In a rare move, the top administrator at the FDA on Tuesday posted a statement about warning letters the agency sent this past week. The comments from Commissioner Scott Gottlieb renewed FDA’s warnings to consumers about teas and other products containing kratom. 

Such products, made with the leaves from a plant that is native to Thailand, Malaysia, Indonesia and Papua New Guinea, have been in the forefront of public health concerns in the United States for the past few years. The Food and Drug Administration says the two companies cited in the Sept. 4 warning letters, as well as many others, have consistently made illegal health claims on the labels of their kratom products.

Also, public health officials documented that a multi-state Salmonella outbreak from January 2017 through May this year was traced to multiple brands of kratom.

The kratom labeling in question violates federal law, the FDA commissioner said, because producers and sellers have not secured approval for their teas and other kratom products they say can be used as medications. The products have not even received “GRAS” status, which means “generally recognized as safe.” 

Kratom product labels make a variety of claims, including that it can be used as a treatment for opioid independence and withdrawal. The substance itself, however, it is believed to contain opioids.

“While it is important to generate more evidence, there is evidence that certain substances found in kratom are opioids and data suggest that one or more may have a potential for abuse,” Gottlieb said. “… We’re not alone in our concern about the opioids found in kratom — it’s already illegal or controlled in several other countries including Australia, Denmark, Germany, Malaysia and Thailand. The substance is also banned in a number of states and municipalities in the U.S.”

Gottlieb said the FDA’s Sept. 4 warning letters went to “unscrupulous” internet vendors Chillin Mix Kratom and Mitra Distributing, for marketing kratom products with scientifically unsubstantiated claims. Those claims involve using kratom as a treatment for ailments including, but not limited to, diarrhea, depression, diabetes, obesity, high blood pressure, stomach parasites, diverticulitis, anxiety and alcoholism.

A list of recalled kratom products is available on the FDA website. Earlier this year the agency imposed a mandatory recall on one company that refused to pull its kratom products after Salmonella was found.

Outbreak and additional concerns

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The CDC has joined the Food and Drug Administration, state and local officials across the country in monitoring illnesses linked to kratom products.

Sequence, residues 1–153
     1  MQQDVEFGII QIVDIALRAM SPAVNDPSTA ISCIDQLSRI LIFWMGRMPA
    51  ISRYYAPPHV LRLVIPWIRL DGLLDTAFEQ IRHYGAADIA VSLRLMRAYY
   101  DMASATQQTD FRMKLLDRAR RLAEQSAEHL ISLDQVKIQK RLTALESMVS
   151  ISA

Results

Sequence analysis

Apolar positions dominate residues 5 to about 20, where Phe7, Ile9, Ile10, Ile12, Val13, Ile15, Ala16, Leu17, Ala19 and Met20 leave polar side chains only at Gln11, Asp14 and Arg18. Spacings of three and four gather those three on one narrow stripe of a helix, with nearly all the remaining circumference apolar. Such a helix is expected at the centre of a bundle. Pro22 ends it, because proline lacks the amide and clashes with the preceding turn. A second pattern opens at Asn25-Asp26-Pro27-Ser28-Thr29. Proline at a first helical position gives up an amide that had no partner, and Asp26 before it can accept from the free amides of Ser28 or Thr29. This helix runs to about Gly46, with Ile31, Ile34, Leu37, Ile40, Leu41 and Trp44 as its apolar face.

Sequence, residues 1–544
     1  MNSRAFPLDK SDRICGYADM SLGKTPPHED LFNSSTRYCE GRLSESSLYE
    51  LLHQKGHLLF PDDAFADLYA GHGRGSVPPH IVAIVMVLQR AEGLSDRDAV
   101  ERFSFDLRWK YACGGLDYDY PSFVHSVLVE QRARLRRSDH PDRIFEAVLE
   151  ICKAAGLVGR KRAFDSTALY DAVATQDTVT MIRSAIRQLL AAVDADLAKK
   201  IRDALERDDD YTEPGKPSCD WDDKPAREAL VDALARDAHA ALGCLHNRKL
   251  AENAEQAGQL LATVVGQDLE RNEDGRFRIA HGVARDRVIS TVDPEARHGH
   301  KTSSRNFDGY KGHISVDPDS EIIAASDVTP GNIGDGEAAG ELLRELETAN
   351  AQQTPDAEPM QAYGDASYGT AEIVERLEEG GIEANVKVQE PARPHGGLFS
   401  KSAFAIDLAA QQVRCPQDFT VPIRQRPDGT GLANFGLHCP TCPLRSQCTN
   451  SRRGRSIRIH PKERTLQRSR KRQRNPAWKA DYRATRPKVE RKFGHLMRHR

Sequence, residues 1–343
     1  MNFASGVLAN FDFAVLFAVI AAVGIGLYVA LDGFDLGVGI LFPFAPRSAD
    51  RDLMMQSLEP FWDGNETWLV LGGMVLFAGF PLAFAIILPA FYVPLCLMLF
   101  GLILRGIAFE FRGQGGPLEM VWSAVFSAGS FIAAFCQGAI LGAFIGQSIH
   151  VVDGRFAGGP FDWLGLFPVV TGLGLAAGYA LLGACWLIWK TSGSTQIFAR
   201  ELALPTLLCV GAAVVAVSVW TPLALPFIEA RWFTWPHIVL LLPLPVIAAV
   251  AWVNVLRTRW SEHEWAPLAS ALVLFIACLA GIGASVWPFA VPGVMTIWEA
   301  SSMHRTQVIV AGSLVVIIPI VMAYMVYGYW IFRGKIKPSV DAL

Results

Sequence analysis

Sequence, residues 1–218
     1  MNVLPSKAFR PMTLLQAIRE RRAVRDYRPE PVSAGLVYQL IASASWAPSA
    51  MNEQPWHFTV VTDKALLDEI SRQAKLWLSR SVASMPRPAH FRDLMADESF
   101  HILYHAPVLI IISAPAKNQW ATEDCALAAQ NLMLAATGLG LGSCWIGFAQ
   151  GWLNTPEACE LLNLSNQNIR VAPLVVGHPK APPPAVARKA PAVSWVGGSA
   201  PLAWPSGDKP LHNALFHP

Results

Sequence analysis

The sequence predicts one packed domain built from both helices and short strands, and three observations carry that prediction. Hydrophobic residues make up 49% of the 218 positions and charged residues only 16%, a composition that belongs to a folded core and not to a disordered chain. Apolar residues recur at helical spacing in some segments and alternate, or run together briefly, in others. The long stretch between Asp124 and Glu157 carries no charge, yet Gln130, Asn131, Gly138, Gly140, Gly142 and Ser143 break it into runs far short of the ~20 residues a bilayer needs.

A Salmonella outbreak traced to multiple kratom products sickened at least 199 people from 41 states, according to the Centers for Disease Control and Prevention. Of those patients with the information available, almost 40 percent required hospitalization and three-fourths reported consuming teas, powders and capsule forms of kratom powder before becoming sick. 

The CDC declared the 17-month outbreak over in May, but said additional illnesses are possible because people likely have unused portions of the kratom products in their homes.

“At this time, CDC recommends that people not consume kratom in any form,” according to the initial outbreak statement posted in February this year.  

The FDA’s outbreak investigational activities have concluded, according to a June 29 post by the agency. “… but the FDA continues to address the issue of Salmonella in kratom.”

 Out of 66 samples analyzed through April 19 as part of the FDA’s investigation into the outbreak, 33 were positive for one or more strains of Salmonella. The CDC reported 85 different DNA fingerprints of Salmonella bacteria were identified in samples of kratom products. 

“Traceback was particularly challenging in this outbreak because kratom enters the market through channels that are atypical for foods, such as through personal importation or false declaration of product at the port of entry into the U.S.,” the FDA reported.

“The FDA has not been able to confirm that growers or processors of kratom are using Good Manufacturing Practices (GMPs) or otherwise taking steps to ensure that their products are not contaminated with Salmonella. … The FDA reminds consumers that raw products contaminated with Salmonella can make people sick if they consume them, and can also cross-contaminate surrounding surfaces and possibly expose others to Salmonella.” 

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